Downstream, Chris and Will calmly paddle around to various spots, retrieving the cooler, dry bags, paddles, even my flip-flops, from what Chris later calls an aquatic “garage sale.”
With Joe leading the way on his paddleboard, we clear two sets of rapids without incident. Approaching the Route 101 bridge, the huge concrete abutments rise up from the choppy surface of the Merrimack. River guides will tell you — and Chris, Tanya and I discovered on a rafting trip in Montana — that manmade objects are often the most dangerous things in the water. As Chris noted, if you end up pinned against one of the abutments, you’re in real trouble.
Joe goes ahead to scout the rapids originating under the bridge. There’s a significant drop and an islet crabbed with scrub providing a vantage point on the run. Joe waits for us there, and we disembark for a better look. Below us, the river runs fast and black, tipped with white rollers. A trio of kayakers in helmets and PFDs huddle nearby in an eddy, picking out their routes.
Chris and Tanya shoot the rapids in the first canoe, mooring it below the island. I join them on the rocky slab, Joe and the kids a short distance away, scanning the river.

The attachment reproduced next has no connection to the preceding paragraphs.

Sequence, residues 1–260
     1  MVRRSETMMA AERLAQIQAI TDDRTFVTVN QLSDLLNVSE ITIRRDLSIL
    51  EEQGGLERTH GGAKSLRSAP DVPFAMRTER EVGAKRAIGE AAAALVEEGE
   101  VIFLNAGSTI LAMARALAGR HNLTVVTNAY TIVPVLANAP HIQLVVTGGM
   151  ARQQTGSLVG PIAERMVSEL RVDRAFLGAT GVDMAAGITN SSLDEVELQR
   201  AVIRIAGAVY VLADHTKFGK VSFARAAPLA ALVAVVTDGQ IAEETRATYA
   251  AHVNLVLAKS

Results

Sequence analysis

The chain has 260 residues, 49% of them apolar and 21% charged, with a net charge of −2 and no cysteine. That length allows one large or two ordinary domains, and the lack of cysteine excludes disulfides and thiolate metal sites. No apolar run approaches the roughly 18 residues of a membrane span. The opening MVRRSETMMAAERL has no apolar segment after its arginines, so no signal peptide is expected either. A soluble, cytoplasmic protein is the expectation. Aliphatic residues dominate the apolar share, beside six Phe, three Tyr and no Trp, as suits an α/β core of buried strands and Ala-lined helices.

I nod to Chris, gesturing him aside. We’ve been in plenty of tricky situations, in rugby matches and in the wilderness, and he reads me pretty well.
“What’s up?” he asks.
Will has sidled over, but Chris turns him around by the shoulders, gently directing him away.
“Back there,” I point over my shoulder, “there were a few seconds where I didn’t like the way things were going.”
Chris gazes frankly at me. “It’s all right, buddy,” he says.
For the second run, Chris and Will and I shoot the rapids, with Kaya and Tanya waiting on the other side. I’m in the bow, Will in the middle, and Chris mans the stern. We paddle over to the flat water above the drop, and Chris holds us in the current, studying the way ahead.
“Ready?” he asks.
“Go,” I say.
We start paddling, trying to outpace the current, which gives Chris added maneuverability. A patch of smooth water cleaves the top of the rapid, and as we approach, Chris says, “This isn’t the same route …”